Buying your next home can be a daunting task, especially if it’s your first home.
It’s exciting but full of complexities.
While it’s likely to be the largest financial transaction you will ever make, we’ve found that many home buyers are poorly prepared to ensure they make a good purchase decision.
And it’s not their fault.
The system is stacked against them, with much of the power being on the side of the seller.
To help guide you, let’s look at a few Common Mistakes made by Home Buyers – ones that you should avoid.
1. Using an out-of-town lender.
Getting a mortgage in a timely and hassle-free manner is the “key that opens the door” to your new home.
Lenders who don’t live in the area you are buying in will not have the contacts needed to process your loan in an efficient and timely manner. Are you aware that if your lender fails to get you your loan on time, that your earnest money deposit may be at risk of being forfeited?
Your best bet is to ask your real estate agent whom they have used before and who they trust.
If it is important to you to use a lender from out-of-province (family member, friend etc.), your best bet is to have your lender refer your business to a local lender. This will help insure that your out-of-state lender receives a referral fee, they don’t violate state mortgage laws, and most importantly you are able to close on the home you want to buy.
Mortgage story: The very first transaction I was involved in after I got my real estate license was a nightmare due to a negligent lender. I was representing a buyer from Johannesburg (I live in Kwa-Zulu Natal) that insisted on using a Johannesburg lender. Unfortunately the lender would rarely return calls or answer his phone. He failed to close on time. We extended the closing date time and again, and time and again the out-of-province lender failed to have the loan ready. The buyers were frantic and the sellers were angry. Finally eight weeks after we were supposed to close my buyers finally dropped the lousy lender and went with a local lender that I recommended. To my buyer’s amazement, by using the local lender, we closed the transaction 10 days later.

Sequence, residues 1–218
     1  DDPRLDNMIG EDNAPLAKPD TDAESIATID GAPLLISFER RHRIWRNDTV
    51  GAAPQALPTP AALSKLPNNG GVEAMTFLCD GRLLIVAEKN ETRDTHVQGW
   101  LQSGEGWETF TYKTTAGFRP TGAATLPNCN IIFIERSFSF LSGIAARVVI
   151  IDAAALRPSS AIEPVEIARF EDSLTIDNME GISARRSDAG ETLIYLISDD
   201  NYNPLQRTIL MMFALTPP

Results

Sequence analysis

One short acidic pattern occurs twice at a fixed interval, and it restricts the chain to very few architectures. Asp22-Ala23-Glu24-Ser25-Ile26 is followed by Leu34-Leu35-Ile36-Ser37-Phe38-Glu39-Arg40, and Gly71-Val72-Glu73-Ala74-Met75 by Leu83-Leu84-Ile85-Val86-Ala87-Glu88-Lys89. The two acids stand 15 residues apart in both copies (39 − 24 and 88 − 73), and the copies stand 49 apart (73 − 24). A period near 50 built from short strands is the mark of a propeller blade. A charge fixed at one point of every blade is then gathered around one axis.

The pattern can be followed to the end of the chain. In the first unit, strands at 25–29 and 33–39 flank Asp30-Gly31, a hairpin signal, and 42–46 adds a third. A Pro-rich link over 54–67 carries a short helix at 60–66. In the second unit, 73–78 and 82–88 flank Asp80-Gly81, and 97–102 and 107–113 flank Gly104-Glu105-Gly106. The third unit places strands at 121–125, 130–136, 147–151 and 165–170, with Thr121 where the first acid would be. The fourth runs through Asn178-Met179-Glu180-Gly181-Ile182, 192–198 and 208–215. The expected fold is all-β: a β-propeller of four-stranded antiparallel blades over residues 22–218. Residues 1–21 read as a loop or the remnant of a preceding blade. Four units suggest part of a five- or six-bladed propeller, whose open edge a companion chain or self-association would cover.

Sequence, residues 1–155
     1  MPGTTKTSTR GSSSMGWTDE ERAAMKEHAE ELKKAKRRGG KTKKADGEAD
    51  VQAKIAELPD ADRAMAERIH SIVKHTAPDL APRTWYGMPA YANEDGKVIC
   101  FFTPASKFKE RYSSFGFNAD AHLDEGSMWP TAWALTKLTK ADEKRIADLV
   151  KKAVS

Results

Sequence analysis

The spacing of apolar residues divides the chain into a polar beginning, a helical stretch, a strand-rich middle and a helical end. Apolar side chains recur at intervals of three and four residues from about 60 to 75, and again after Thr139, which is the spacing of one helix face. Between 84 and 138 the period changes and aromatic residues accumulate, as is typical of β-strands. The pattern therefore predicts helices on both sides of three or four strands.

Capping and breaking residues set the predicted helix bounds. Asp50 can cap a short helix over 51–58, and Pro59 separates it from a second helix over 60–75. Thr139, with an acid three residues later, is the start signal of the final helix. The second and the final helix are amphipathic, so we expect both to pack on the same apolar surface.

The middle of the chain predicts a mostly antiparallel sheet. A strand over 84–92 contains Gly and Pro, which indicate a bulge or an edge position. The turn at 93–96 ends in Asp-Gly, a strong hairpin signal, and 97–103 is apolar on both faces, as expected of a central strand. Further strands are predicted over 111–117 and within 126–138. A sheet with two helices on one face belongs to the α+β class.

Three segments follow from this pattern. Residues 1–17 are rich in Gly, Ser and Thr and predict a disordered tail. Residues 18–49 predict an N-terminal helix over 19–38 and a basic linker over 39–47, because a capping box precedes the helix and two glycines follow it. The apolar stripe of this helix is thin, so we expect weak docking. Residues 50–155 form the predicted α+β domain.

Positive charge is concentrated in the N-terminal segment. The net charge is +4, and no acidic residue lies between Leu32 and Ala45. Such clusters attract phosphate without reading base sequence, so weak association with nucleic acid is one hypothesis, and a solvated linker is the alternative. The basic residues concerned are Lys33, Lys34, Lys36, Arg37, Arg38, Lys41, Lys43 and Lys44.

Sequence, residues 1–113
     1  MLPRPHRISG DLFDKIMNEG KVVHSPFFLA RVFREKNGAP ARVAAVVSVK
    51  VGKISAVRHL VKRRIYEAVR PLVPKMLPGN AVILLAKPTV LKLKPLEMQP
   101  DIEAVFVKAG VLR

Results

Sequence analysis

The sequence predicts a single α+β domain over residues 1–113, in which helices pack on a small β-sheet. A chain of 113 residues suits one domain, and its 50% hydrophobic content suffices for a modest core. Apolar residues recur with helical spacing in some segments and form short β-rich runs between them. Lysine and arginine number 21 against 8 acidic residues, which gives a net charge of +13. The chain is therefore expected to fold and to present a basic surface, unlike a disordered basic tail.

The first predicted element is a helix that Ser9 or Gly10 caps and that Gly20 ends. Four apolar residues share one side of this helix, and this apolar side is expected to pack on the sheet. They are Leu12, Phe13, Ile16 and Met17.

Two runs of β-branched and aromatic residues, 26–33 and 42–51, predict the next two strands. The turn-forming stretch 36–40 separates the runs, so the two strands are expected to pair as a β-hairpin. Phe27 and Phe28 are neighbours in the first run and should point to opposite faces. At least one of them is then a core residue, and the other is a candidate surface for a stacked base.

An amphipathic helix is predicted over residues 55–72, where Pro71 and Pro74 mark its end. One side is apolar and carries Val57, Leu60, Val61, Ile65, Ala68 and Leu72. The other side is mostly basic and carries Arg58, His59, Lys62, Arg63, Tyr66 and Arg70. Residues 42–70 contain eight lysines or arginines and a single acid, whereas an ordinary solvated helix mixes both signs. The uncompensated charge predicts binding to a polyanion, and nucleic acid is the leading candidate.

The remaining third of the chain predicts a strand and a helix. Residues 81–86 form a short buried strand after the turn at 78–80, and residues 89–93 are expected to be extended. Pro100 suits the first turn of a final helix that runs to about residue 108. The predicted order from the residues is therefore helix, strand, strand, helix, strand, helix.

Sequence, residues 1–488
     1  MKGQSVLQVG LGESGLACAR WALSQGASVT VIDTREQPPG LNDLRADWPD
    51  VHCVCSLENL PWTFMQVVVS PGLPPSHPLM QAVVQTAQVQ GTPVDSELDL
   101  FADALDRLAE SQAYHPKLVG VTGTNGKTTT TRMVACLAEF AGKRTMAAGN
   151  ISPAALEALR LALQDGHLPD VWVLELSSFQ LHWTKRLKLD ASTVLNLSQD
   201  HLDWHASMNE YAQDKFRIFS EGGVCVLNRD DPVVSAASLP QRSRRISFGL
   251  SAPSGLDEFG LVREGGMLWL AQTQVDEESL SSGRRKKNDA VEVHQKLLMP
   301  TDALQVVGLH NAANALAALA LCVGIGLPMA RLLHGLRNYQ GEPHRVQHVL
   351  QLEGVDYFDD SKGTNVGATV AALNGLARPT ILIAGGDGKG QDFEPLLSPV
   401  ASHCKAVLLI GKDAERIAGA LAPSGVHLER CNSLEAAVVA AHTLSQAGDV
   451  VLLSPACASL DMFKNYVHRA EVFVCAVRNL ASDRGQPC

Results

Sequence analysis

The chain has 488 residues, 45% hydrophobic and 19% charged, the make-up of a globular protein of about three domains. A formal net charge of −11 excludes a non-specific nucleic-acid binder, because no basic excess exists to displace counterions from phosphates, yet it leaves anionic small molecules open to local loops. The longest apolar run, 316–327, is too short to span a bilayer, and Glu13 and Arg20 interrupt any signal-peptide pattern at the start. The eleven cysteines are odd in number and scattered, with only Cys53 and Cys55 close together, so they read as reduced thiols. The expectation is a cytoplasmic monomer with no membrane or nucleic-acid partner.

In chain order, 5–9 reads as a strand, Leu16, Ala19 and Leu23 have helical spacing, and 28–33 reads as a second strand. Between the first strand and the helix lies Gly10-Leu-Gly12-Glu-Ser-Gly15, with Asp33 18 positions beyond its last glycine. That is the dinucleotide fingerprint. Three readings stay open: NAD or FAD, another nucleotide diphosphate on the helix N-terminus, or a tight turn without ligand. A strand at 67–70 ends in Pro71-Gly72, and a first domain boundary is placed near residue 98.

2. Not using a loan approval letter when making an offer on a property.
You’ve found “The Home” and want to make an offer to buy it. Now anybody can make a full price offer and get it accepted.
What if “The Home” is priced at R1,275,000 but you offer R1,250,000 and say that you will pay for the home by getting a new loan?